B.A. Pike on E.R. Punshon

About E. R. Punshon

Twentieth-Century Crime and Mystery Writers (ed. John M. Reilly, St. Martin’s Press, New York, 1980)


E.R. Punshon was writing mystery fiction before, during and after the Golden Age, in a career that spanned over half a century.  His work in the field falls naturally into three distinct phases, a sporadic group of melodramas, a brief detective series with two contrasting policemen, and a much longer series with a single police protagonist.

The first phase was launched in 1907 with The Mystery of Lady Isobel, an efficient exercise in formula melodrama that poses a still inviting question: is Lady Isobel a destructive “she-devil” or a blameless victim?  This and its half-dozen successes met the demand of their time for lurid romances with a strong narrative drive.  Victor Gollancz was right to list them as “thrillers”, since their primary aim is excitement.  Despite their evident vitality, they are too much of their time to appeal to any modern reader.

Punshon’s later series are more accessible and continue to give pleasure to those who approach them with positive expectations.  His second phase began in 1929 with The Unexpected Legacy, the first of five books known from their leading characters as the “Carter and Bell” novels.  These are intricate and eventful narratives combining formal detection with action and atmosphere.  They feature an incongruous pair of Scotland Yard detectives, whose relationship recalls that of the Hare and the Tortoise in Aesop’s fable.  Inspector Carter is essentially a hollow man, thrusting and showy, but seeing no more than the surface of things and easily led to false conclusions.  His real gift is for self-promotion and he depends on his sergeant to solve their cases, though taking the credit himself.  Sergeant Bell is astute but unassertive, a melancholy man who accepts the world as it is and resigns himself to his superior’s need to bolster himself at the expense of a subordinate.  He does eventually claim his due, however, in the last of the series, where Carter also encounters a drastic reversal of fortune.

In 1933, with Information Received, Punshon introduced a young policeman, Bobby Owen, who remained his series detective to the end of his life.  There are thirty-five novels in the sequence and they follow Bobby’s career from naïve youth to experienced middle age.  In his first case he gains the favour of Superintendent Mitchell, the shrewd and sparky veteran who oversees his early career.  When war comes, he is given charge of a rural C.I.D. and later, back at the Yard, he becomes a commander.  An earl’s nephew and Oxford graduate, he is very much in the decent, clean-limbed tradition, playing a straight bat and keeping his end up.  Though brave, ambitious and resourceful, he is wholly without pretension and has no desire to be a hero.  He shows endearing innocence as a young man but gains in authority and wisdom as the years pass.  However bizarre the circumstances that involve him, he remains methodical, persistent and comfortingly sane.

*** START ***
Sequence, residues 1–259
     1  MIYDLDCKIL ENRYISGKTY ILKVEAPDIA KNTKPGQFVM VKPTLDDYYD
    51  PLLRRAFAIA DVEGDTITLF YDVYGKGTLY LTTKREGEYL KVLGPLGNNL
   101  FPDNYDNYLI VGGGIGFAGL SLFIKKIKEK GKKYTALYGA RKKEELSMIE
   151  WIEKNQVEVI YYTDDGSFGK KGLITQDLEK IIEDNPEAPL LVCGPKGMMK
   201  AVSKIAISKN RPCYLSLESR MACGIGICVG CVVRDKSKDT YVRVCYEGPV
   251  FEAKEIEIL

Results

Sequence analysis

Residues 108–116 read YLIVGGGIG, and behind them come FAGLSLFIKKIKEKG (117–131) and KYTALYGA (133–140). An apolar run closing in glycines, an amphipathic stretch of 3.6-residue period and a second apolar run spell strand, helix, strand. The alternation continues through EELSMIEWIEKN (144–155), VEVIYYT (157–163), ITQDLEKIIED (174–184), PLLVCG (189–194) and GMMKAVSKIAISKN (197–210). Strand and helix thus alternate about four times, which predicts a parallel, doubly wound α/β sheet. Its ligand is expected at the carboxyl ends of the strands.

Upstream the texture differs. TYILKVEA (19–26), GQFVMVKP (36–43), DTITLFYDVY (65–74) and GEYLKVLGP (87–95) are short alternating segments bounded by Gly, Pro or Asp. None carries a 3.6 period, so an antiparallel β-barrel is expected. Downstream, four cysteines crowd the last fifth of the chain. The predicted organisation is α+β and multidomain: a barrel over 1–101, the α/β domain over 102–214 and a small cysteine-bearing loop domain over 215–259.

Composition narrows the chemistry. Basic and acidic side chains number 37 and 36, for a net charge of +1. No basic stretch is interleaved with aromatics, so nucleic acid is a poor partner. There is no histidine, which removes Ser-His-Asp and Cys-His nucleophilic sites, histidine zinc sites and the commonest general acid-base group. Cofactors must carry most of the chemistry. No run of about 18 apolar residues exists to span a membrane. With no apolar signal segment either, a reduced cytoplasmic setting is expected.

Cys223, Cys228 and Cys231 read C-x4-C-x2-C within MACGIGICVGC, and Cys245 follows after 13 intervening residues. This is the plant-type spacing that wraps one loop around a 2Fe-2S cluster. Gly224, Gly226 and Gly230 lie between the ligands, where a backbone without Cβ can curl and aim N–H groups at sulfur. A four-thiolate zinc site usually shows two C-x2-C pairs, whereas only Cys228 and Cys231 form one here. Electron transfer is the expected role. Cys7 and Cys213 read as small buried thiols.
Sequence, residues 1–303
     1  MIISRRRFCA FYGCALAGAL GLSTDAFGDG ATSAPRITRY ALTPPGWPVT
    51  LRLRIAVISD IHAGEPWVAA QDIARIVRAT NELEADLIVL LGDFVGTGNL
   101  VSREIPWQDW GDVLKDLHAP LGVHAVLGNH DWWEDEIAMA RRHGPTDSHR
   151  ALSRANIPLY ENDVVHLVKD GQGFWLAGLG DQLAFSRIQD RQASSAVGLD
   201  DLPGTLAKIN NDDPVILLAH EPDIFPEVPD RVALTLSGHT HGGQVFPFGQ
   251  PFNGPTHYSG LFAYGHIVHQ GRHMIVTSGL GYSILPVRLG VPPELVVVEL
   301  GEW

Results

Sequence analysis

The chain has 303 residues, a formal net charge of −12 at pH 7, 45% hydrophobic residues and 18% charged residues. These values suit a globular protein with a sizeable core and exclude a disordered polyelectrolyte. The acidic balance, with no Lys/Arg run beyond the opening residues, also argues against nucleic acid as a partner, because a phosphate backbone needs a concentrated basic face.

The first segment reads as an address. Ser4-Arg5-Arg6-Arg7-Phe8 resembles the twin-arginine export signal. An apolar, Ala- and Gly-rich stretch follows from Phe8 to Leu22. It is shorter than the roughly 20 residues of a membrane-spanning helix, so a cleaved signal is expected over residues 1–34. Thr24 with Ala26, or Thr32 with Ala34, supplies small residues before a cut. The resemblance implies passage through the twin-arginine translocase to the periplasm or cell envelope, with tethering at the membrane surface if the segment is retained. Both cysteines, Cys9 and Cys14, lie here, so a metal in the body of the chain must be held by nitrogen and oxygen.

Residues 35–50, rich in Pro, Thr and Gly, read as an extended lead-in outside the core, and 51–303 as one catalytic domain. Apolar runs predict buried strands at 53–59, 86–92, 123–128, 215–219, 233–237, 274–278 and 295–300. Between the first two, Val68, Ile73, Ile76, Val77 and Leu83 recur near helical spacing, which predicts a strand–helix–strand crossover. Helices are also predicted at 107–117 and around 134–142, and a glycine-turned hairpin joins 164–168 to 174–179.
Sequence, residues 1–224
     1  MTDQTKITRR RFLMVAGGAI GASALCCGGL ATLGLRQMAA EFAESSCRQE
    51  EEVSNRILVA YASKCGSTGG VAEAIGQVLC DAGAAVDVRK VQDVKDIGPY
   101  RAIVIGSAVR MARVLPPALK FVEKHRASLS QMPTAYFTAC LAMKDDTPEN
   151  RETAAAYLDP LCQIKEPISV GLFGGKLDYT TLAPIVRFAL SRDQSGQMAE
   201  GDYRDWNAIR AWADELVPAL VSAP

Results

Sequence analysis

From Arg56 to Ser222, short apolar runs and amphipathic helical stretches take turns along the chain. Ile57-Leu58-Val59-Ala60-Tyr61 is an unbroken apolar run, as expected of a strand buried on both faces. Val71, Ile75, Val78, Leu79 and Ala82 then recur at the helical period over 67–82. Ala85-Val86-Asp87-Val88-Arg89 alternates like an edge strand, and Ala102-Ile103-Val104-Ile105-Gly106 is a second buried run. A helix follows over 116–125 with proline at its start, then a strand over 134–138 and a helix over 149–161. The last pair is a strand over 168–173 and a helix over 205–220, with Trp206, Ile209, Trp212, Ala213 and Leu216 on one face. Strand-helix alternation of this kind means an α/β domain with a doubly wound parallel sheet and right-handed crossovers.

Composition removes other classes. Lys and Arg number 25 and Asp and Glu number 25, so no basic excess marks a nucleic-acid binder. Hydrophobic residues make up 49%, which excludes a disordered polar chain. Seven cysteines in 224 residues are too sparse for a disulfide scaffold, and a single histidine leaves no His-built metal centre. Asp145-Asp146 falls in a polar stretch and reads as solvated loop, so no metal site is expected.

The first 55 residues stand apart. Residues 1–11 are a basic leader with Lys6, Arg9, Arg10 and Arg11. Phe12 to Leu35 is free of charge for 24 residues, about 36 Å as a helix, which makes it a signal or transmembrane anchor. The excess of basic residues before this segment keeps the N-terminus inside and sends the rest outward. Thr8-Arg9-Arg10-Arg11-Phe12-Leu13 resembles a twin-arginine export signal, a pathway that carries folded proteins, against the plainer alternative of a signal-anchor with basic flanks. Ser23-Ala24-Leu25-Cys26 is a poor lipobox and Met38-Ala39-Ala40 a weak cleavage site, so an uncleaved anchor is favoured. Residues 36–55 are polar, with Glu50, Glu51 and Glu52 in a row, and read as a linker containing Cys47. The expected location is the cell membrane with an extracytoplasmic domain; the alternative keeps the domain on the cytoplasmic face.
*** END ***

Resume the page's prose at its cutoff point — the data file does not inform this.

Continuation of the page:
The best of Punshon’s work is the Owen series, which, though uneven, has much to commend it.  Given a sympathetic reading, he can still surprise, intrigue, and amuse.  To some degree the books are conventional detective stories in the classic mould, with physical clues and familiar themes.  The people are closely observed and continually assessed for their suspicious potential.  Bobby takes stock from time to time, tabulating the evidence or talking things over with his accommodating wife, Olive.  Implicit in all that occurs, however dreadful, is the reassurance that order will eventually be restored.

Beneath the traditional patterns of detective fiction, however, lies something altogether more disturbing.  The series is shot through with an eerie intensity, a manic quality that seizes the author’s imagination.  He stretches the formal framework of detective fiction to accommodate driven personalities with “tumultuous, unrestrained passions”.  There are no half-measures in Punshon’s novels: people don’t experience dislike, they seethe with venomous hatred.  He draws on the basic emotions, manipulating them to create havoc.  Many of his characters are eccentric in one way or another, whether in the mind or in body.  They are set apart by a deformity, an obsession, a peculiar power: a turbulent religious fanatic, a one-eyed colonel with “excessive pride of birth”, a young idealist with a club foot, a pianist whose playing unsettles those who hear it.

The novels also have their lighter side, apparent in the attractive presentation of Bobby’s marriage and in caustic comments on aspects of contemporary life; and a mischievous humour surfaces on occasion, as when the text of a coded message is attributed to Gertrude Stein.  But it is Punshon’s intensity that distinguishes him and marks him as an original.